The case continues the FTC’s aggressive efforts to compel food companies to support their advertising with more scientific findings. It follows a 2010 effort which saw the FTC pressure Nestle NA and the Dannon Co. Inc. to alter ads promoting their probiotic products.
In the POM Wonderful case, FTC attorney Heather Hippsley argues the company cites studies which lack comparisons to control groups, fails to show statistically significant changes in medical conditions and is measuring the wrong indicators of improvement. She further contends company documents indicate company executives were aware of the studies’ shortcomings and “repeatedly ignored warning signs that the marketing didn’t match the science.”
A brief filed by POM Wonderful and Roll Global argues the FTC is “aggressively seeking to obtain new legal ground against advertisers,” while also attempting to “apply a pharmaceutical ‘drug’ standard to food products.”
July 2011/Prepared Foods -- The Obama administration has decided to make the pyramid a thing of the past; the food pyramid, that is. The symbol for healthy eating advice for nearly two decades has been dropped in favor of a plate-shaped symbol, sliced into wedges for the basic food groups. Half of those wedges are filled with fruits and vegetables.
The plate is touted as a “fast, easily grasped reminder of the basics of a healthy diet.” Its four colored sections allot space for fruits, vegetables, grains and protein, with a smaller circle outside the plate designated for dairy.
The old food pyramid had been around since 1992, but, according to critics, was too confusing and deeply flawed by not clearly distinguishing healthy foods from less-healthy options. Speaking to the New York Times, Walter C. Willett, chairman of the nutrition department at the Harvard School of Public Health, noted, “It’s g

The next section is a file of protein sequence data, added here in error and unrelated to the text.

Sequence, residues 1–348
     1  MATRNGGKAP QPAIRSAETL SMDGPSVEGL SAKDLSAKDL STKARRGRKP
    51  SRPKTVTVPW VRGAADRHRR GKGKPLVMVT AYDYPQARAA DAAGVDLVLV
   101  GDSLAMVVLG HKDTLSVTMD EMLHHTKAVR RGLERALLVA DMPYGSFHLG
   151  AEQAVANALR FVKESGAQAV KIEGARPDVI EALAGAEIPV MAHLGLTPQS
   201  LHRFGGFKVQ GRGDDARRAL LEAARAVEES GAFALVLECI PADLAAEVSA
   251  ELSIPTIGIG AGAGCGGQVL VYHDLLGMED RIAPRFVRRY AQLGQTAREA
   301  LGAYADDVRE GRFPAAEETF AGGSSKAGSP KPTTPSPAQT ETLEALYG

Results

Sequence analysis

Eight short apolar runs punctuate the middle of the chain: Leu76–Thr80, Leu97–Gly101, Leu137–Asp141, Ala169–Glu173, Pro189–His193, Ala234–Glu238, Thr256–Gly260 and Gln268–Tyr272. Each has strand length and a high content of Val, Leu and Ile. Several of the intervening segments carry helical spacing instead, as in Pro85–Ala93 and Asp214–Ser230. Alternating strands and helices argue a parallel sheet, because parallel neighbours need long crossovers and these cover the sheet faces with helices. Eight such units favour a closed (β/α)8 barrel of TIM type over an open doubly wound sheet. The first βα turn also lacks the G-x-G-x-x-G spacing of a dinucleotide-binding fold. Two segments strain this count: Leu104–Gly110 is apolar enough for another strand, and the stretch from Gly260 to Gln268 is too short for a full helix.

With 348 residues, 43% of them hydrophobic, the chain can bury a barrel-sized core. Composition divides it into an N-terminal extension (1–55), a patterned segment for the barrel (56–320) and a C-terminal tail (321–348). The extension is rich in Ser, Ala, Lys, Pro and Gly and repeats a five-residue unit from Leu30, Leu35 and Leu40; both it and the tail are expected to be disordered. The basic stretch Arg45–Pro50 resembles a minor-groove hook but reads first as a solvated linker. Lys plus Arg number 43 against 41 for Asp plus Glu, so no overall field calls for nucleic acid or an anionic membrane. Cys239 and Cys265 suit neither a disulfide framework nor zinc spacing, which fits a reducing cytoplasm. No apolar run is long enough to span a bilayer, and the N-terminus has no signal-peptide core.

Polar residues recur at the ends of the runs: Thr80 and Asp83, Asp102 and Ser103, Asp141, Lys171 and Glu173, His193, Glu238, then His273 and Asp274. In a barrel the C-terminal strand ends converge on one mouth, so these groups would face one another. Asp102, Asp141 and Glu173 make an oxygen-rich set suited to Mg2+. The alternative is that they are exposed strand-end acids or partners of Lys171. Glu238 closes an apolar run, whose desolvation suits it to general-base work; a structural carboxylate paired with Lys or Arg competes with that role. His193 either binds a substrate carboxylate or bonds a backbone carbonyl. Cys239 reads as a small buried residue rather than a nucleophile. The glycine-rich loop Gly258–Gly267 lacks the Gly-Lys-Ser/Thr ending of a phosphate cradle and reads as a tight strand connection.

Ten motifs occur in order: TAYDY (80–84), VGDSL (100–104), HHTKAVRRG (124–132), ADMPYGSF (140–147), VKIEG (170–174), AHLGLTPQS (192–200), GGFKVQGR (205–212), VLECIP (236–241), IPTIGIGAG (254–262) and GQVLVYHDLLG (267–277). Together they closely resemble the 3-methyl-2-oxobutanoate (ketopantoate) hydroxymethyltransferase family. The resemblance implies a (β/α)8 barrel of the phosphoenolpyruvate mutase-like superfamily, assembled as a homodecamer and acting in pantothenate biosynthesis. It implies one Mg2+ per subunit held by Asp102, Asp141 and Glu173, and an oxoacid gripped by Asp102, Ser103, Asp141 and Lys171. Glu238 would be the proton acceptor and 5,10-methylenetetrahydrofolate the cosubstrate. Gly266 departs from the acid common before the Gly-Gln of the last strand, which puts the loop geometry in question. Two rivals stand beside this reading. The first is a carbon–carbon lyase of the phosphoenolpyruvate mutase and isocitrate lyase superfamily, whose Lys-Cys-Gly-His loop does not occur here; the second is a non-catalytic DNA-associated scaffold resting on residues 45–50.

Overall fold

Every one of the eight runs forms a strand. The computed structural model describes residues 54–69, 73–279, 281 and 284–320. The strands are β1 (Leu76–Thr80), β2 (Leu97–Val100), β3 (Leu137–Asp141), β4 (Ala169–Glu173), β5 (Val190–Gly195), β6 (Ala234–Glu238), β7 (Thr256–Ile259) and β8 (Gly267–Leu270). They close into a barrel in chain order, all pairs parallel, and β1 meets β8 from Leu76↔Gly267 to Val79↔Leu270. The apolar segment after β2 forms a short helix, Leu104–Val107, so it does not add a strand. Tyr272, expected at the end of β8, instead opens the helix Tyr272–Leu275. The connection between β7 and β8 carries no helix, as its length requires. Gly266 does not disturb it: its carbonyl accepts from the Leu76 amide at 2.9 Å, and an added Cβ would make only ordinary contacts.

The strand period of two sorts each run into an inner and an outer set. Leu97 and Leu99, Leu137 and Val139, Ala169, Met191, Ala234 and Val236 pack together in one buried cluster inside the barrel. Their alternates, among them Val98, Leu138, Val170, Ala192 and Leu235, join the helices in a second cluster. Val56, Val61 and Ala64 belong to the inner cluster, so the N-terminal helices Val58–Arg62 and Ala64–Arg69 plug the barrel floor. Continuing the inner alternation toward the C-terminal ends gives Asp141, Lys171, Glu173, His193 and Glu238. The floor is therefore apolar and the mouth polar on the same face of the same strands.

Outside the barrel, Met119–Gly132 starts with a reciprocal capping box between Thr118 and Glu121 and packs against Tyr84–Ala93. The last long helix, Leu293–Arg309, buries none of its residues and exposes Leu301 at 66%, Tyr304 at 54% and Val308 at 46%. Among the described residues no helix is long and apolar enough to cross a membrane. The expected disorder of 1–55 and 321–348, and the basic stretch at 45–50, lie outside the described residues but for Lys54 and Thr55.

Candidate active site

“We need to get consumers’ attention,” said Robert C. Post, deputy director of the Department of Agriculture’s Center for Nutrition Policy and Promotion. He said it was meant to be a “visual cue” that would prompt “consumers to say, ‘I need to be a little more concerned about what I choose to build a healthy day’s diet.’”
Post said the USDA had spent about $2 million to develop and promote the logo, including conducting research and focus groups and creating a website. Some of that money will also be used for the first year of a campaign to publicize the image.
According to the USDA, the new design incorporates seven key dietary messages:
1. Enjoy food, but eat less.
2. Avoid oversized portions.
3. Make half the plate fruits and vegetables.
4. Drink water instead of sugary drinks.
5. Make at least half of grains whole grains.
6. Switch to fat-free or low-fat (1%) milk.
7. Compare sodium in foods like soup, bread and frozen meals—and choose the foods with lower numbers.
Survey Says Marginal Improvements Ahead
A KPMG International survey of senior financial executives of global food and beverage companies finds a positive, though tempered, forecast for the industry. The survey finds the respondents expect to achieve improved financial performance in 2011, but they also foresee difficulty in sustaining profit margins and increasing market share.
KPMG surveyed 138 food and beverage executives and found 20% expect “significant increases” in financial performance this year vs. last, with 58% expecting “some increase.” Only 11% expect a decline in performance.
Per KPMG, this optimistic view is a result of a noteworthy increase in consumer demand. In fact, 30% said they have already seen a sustained increase in demand for their company’s products and services since the economic slowdown, with 44% expecting the increase in 2011, and 20% in 2012 or later. <br><br>
Not all of the forecasts are positive, however; 49% of those surveyed by KPMG indicate that they will have difficulty sustaining profit margins. In addition, 45% say they will have difficulty increasing market share.
While the economic downturn has had a significant impact on profits and growth over the past three years, company execs feel their firms have been strengthened in many ways. For example, 48% of global consumer finance execs said their cost structures have improved, compared to 14% who say they are in a worse position, and 43% express they are in a better position today with suppliers, compared to 8% saying worse
To improve supply chain efficiency and costs over the next two years, the food and beverage executives see investing in production or distribution technology, enhancing distribution structure, decreasing inventory levels and consolidating suppliers as the greatest priorities. pf
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